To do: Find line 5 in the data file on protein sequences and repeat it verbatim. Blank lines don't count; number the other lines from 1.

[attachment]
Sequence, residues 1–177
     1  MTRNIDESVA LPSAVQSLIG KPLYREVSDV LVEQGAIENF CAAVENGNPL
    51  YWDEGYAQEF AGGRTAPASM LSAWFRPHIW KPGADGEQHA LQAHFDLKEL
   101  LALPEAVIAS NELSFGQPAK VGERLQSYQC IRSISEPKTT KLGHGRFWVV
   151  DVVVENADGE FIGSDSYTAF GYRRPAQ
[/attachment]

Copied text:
   151  DVVVENADGE FIGSDSYTAF GYRRPAQ